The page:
Tidbit 1: One thing to note about the code in the Android blog post is its use of layout_alignParentTop together with layout_alignParentBottom to center an element.  layout_centerVertical is a shorter and more reliable way of achieving the same effect.

Tidbit 2: Use LayoutInflater.inflate(layoutId, parent, false) with a non-null value for parent.

Unmentioned in the blog post is the use of LayoutInflater.inflate.  When you create your own ArrayAdapter, you need to use the version that takes (int resource, ViewGroup parent, boolean attachToRoot).  Even though you should set attachToRoot to false, that doesn't mean there shouldn't be a root.  Pass through the ViewGroup parent value and don't set it to null.  I discovered this in a forum post.

Tidbit 3: Stick with one row view for the list.

One failed line of research was to use two row views.  One view for when both rows of text in the list item were present and one for when only the bottom row was present.  Picking the correct view in ArrayAdapter.getView was a snap and everything seemed copacetic.  Done and ship.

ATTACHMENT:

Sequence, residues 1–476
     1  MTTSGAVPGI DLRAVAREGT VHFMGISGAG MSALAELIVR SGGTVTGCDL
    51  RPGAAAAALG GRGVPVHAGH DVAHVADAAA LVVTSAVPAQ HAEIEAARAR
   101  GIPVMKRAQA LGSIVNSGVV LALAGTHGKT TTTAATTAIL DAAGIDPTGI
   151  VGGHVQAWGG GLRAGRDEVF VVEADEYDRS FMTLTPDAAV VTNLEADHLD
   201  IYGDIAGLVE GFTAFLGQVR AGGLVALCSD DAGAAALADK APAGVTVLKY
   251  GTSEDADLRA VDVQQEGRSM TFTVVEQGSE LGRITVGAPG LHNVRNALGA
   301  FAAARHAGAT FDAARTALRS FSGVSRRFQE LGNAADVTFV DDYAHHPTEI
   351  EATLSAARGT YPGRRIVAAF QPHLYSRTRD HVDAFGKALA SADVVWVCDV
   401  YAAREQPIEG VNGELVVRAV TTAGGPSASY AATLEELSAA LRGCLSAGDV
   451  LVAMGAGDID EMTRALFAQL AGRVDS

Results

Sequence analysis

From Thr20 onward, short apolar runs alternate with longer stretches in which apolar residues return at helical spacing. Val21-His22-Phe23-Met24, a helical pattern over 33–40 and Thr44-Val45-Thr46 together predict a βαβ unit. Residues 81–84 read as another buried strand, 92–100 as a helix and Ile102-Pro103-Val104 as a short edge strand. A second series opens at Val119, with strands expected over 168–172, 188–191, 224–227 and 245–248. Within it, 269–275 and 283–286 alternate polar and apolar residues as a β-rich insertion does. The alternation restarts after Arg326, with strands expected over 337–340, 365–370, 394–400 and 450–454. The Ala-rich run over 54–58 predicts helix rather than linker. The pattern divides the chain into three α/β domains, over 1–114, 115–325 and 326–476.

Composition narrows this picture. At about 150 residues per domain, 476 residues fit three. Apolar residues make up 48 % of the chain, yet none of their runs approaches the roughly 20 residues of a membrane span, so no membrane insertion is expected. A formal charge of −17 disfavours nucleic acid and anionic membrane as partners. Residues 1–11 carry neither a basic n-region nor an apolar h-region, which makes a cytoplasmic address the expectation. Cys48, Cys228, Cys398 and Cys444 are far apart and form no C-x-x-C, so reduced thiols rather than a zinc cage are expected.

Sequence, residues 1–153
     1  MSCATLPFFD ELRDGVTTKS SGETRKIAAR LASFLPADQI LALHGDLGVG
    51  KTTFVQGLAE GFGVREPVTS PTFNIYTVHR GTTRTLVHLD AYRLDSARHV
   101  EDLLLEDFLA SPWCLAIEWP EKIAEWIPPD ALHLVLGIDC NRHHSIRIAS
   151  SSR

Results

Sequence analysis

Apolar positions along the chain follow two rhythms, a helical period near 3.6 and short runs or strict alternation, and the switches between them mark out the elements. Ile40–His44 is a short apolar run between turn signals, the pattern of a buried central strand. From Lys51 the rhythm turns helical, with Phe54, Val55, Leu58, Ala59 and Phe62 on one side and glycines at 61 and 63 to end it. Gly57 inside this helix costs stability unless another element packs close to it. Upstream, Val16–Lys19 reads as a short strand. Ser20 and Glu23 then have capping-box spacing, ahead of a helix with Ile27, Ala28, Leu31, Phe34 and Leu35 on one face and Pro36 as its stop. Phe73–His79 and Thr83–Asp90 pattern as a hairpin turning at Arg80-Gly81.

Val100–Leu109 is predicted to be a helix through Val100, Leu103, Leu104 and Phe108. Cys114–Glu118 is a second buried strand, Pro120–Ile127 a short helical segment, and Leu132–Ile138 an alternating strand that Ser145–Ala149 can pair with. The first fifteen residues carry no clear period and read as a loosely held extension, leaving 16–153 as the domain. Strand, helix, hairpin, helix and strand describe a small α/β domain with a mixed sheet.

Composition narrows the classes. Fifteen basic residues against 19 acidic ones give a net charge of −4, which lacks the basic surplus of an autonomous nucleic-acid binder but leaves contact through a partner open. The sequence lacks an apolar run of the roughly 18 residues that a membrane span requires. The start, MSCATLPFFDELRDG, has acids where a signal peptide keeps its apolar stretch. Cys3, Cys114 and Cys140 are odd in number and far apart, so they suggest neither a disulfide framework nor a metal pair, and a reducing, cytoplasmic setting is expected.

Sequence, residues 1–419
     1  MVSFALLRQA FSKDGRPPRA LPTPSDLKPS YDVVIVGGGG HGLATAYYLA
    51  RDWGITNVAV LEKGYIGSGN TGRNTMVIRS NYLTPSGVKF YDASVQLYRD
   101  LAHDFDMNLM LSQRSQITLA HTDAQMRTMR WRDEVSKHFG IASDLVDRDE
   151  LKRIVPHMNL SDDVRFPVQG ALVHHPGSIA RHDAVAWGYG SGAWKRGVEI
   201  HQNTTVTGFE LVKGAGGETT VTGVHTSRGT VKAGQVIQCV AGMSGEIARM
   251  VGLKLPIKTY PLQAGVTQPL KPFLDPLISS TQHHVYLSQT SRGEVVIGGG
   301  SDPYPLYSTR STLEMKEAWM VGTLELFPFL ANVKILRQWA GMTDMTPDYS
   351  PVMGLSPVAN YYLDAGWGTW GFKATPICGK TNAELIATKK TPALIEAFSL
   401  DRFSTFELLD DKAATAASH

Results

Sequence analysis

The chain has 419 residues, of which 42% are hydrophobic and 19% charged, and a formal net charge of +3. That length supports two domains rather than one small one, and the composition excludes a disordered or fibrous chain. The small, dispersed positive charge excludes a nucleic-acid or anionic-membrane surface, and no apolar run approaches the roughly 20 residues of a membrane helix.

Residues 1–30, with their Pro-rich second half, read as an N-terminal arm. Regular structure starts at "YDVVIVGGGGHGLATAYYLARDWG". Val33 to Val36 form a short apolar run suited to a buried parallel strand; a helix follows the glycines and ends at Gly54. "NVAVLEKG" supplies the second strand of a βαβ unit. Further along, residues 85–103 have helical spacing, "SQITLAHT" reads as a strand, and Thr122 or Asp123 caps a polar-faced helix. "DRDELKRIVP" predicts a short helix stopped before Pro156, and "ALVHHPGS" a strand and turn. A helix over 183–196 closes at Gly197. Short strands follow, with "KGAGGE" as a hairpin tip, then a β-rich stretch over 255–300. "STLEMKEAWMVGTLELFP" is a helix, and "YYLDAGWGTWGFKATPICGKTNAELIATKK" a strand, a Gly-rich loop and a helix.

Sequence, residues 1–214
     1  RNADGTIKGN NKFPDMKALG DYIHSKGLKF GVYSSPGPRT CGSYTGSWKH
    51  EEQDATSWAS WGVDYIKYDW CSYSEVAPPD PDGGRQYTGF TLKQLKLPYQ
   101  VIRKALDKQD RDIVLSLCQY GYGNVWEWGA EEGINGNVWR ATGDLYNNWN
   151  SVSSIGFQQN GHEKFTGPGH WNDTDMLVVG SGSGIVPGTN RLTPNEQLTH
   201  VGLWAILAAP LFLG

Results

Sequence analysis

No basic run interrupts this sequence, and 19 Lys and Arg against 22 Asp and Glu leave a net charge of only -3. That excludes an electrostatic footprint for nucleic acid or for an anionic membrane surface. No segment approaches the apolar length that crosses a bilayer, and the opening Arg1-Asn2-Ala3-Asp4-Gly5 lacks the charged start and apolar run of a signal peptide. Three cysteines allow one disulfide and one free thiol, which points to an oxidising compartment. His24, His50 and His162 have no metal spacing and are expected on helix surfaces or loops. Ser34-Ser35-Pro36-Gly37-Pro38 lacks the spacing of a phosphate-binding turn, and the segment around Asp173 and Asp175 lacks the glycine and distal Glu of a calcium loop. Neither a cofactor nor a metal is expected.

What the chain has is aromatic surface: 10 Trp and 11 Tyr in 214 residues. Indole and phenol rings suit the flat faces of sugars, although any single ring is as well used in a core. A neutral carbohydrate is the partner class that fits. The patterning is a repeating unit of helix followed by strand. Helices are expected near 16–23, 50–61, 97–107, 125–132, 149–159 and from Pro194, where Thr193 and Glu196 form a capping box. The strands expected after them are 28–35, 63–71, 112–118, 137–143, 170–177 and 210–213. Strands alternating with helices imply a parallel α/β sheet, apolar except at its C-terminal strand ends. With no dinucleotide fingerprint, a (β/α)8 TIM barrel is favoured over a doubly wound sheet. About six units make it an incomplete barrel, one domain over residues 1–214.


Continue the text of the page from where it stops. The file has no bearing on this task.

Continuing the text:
Bug report, uh oh.  It turned out that one of my users was having issues when there were more than N items in the list.  I had tested and it looked ok; so I tested it again and it still looked ok.  It was tempting to disregard this bug report, but it was written in complete sentences so that gave it a fair bit of credence.

With yet another round of testing, I paid careful attention to the data I was entering and found the issue.  Before, I had only really checked the number of list items and the order of the phone numbers.  For the names, I usually entered "a".  Adding different names for each number revealed an Android optimization technique for rendering lists and the cause of the bug.  The first page of the list always looked ok, but after scrolling, the subsequent list item would show names that had already been displayed when it should have been using the "no name" view.  Whaaa?

Object creation and garbage collection are expensive operations, so it looks like the Android engineers decided to optimize things by 1. only instantiating as many row objects as needed to show the first page of items and then 2. reusing row objects that moved off the top and putting them at the bottom.  The assumption here is that each row view is the same kind of object.  If you use more than one kind of row view in a list, then the recycling algorithm will give you one kind of view when your code has asked for another.  So if your list might scroll, and of course it will, stick to one row view.